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systems, and statistical and nonlinear problems in optical communications. Dr. McCurdy is currently a Distinguished Member of Technical Staff in the Optical Fiber Design Group at OFS. Thomas D. Monte Thomas D. Monte received a PhD degree in electrical engineering from the University of Illinois at Chicago in 1996. As Principal Photonics Engineer at KVH Industries, Inc., he has been involved in the research of elliptical core polarization maintaining optical fiber components and sensor assemblies. Between 1983 and 2000, Dr. Monte held various engineering and research positions at Andrew Corporation developing fiber optic devices, microwave waveguide components, and antennas. He holds 11 US patents and several international patents in the fields of microwave and fiber optic components. Stephen Montgomery Stephen Montgomery is the President of ElectroniCast, a firm specializing in communication network products and services demand forecasting. Stephen is also the Director of the Fiber Optics Components group and the Network Communication Products group at ElectroniCast. He has given numerous presentations and published a number of articles on optical fiber markets, technology, applications, and installations. He is a member of the Editorial Advisory Board of Lightwave magazine and the Advisory Board of the Gigabit Ethernet Conference (GEC). Stephen holds a BA and MBA in Technology Management. Lars-Erik Nilsson Lars-Erik Nilsson graduated with a degree in chemistry from the Royal Institute of Technology, Stockholm in 1973, and has since been active within industry as well as academia with a main focus on development of optical instruments and components. Lars-Erik has been engaged in design and development of specialty optical fibers and fiber-based components for over 10 years and is presently heading the Optical Fiber Component group at Acreo AB in Sweden. He has co-authored over 12 scientific publications and is the inventor/ co-inventor of six patents. David W. Peckham David W. Peckham received BS and ME degrees in electrical engineering from the University of Florida. He started his career at the Bell Labs Transmission Media Laboratory in 1982 working on optical fiber measurement techniques. Since 1989, he has focused on the design, process development, and commercialization of optical fibers for high capacity transmission systems at Bell Labs, Lucent, and currently, OFS. He received the 2002 OSA Engineering Excellence Award recognizing his contributions in the design and commercialization of fibers enabling high speed, wideband WDM networks. He is currently a Consulting Member of Technical Staff at OFS.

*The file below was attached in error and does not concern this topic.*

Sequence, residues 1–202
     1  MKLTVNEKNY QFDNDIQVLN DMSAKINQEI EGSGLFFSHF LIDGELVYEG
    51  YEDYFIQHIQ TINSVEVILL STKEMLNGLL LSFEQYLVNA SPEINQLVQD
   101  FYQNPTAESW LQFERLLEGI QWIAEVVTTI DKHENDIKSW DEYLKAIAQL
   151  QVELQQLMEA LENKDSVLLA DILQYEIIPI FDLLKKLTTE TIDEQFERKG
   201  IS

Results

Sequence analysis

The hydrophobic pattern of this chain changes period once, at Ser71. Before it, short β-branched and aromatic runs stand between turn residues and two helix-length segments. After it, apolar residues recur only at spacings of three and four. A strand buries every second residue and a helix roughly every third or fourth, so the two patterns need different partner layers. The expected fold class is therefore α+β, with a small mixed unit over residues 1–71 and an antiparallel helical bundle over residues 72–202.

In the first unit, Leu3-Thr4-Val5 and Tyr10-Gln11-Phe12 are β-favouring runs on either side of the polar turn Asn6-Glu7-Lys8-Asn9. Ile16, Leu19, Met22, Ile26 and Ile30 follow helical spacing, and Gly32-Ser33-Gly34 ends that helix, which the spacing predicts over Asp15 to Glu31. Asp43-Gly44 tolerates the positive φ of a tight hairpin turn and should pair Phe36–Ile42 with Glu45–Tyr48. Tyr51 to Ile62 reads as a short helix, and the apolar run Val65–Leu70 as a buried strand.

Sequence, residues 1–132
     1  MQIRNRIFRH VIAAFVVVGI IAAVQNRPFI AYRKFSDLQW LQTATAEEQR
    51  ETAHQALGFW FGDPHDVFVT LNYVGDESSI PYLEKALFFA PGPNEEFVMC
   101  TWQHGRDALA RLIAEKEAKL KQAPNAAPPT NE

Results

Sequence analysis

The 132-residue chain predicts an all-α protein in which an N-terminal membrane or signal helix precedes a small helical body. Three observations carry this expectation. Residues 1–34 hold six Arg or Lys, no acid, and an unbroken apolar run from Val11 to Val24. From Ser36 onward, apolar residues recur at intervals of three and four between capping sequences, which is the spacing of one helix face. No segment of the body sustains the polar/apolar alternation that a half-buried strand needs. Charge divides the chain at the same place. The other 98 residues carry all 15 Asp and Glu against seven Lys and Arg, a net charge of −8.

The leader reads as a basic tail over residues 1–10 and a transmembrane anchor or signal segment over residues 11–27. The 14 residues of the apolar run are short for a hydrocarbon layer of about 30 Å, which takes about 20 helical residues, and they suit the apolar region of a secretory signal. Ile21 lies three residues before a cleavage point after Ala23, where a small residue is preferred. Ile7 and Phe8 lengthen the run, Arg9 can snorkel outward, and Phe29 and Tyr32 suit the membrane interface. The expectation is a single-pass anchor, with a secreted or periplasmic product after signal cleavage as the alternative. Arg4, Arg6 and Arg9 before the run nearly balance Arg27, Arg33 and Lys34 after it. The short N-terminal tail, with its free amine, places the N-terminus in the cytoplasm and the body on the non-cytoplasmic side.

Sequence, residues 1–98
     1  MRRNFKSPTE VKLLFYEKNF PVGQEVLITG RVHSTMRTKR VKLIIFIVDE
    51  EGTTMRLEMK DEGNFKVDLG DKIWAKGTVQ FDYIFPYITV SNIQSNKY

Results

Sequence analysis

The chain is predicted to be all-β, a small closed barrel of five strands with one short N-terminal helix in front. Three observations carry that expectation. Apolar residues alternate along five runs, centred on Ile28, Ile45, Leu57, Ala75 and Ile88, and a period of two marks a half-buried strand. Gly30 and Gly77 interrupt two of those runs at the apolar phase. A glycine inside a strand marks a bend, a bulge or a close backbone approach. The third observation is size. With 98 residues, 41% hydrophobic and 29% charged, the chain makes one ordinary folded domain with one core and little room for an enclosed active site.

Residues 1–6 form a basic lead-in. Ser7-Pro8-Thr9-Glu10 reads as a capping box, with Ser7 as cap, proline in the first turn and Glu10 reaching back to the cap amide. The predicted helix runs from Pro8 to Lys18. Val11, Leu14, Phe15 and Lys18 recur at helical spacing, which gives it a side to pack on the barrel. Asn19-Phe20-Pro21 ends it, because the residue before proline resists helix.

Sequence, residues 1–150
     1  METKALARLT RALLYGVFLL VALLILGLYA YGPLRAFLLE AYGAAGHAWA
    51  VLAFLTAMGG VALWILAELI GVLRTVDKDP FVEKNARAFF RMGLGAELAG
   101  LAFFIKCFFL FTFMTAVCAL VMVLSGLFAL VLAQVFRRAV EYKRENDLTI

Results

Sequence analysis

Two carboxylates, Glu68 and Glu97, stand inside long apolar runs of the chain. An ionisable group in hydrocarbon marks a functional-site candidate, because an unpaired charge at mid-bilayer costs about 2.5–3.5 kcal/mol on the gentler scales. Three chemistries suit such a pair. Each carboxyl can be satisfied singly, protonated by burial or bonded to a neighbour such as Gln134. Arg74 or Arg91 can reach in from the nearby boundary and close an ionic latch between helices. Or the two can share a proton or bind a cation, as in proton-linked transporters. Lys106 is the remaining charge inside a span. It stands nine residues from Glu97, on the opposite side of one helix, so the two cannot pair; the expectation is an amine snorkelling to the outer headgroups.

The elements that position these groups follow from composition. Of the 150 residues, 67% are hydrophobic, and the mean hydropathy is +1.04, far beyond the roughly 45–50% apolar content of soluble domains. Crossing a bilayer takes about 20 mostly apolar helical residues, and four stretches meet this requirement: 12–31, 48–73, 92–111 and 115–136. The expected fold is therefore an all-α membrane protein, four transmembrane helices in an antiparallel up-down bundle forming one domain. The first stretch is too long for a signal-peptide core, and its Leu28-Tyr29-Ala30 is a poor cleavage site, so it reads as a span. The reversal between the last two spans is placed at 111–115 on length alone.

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J. Renee Pedrazzani J. Renee Pedrazzani is a PhD candidate at the Institute of Optics of the University of Rochester, where she is engaged in semiconductor device research at the Molecular Beam Epitaxy Laboratory. She received her BS and MS degrees in electrical engineering from the Virginia Polytechnic Institute and State University, and conducted her MS research at the Fiber and ElectroOptic Research Center. Before beginning her doctoral studies, she worked with optical fiber gratings at Lucent Technologies. Bryce Samson Dr. Samson is the Vice President of Business Development at Nufern, having joined Nufern from Corning, where he served as Senior Research Scientist in the areas of doped fibers, fiber amplifiers, and lasers. Prior to that, he worked as a Research Fellow at the University of Southampton, focusing on novel fibers and fiber device physics. He received his PhD in physics from Essex University in the UK and his BS degree in applied physics from Heriott-Watt University in Edinburgh, UK. He is an inventor on several patents in the amplifier and fiber laser field and has been published in scores of industry journals. Steven R. Schmid Steven R. Schmid is R&D Manager for DSM Desotech’s Fiber Optic Materials Research business. He has also held positions in product management, market development, and business management. He has 30 years experience in the UV coatings industry. Steven earned a BS in chemistry (University of Illiniois), an MS degree in chemistry (University of Houston), and an MBA (IIT). Steven has authored over a dozen papers, been awarded 10 patents, and made several international presentations. He was a co-recipient of an IR100 Award in 1987, and also a co-recipient of DSM’s Special Inventor Award in 2001. Sergei Semjonov Sergei Semjonov graduated from the Moscow Physical Technological Institute in 1982. In 1997, he received his PhD in Physics from General Physics Institute, Russian Academy of Sciences, Moscow, Russia. He is currently a Deputy Director of the Fiber Optics Research Center RAS, Moscow, Russia. His research interests cover different aspects of modern fiber optics: fabrication of preforms, the fiber drawing process, properties of polymer and hermetic coatings, strength and fatigue of optical fibers, influence of drawing conditions on optical properties of optical fibers, development of rare earth-doped as well as highly Geand P-doped fibers, photosensitivity of optical fibers, and microstructured fibers. Roman Shubochkin Roman Shubochkin received BS and MS degrees in optical engineering from Moscow Power Engineering Institute, Moscow, Russia in 1987 and 1989, respectively. Between 1989 and 1994, he worked as a Junior Research Scientist in Fiber Optics and Solid State Physics Departments in the General Physics Institute of the Russian Academy of Sciences in Moscow. He received an MS and PhD in electrical engineering from Brown University in 1997 and 2003, respectively. Since 2000, he has been a research associate in the Lightwave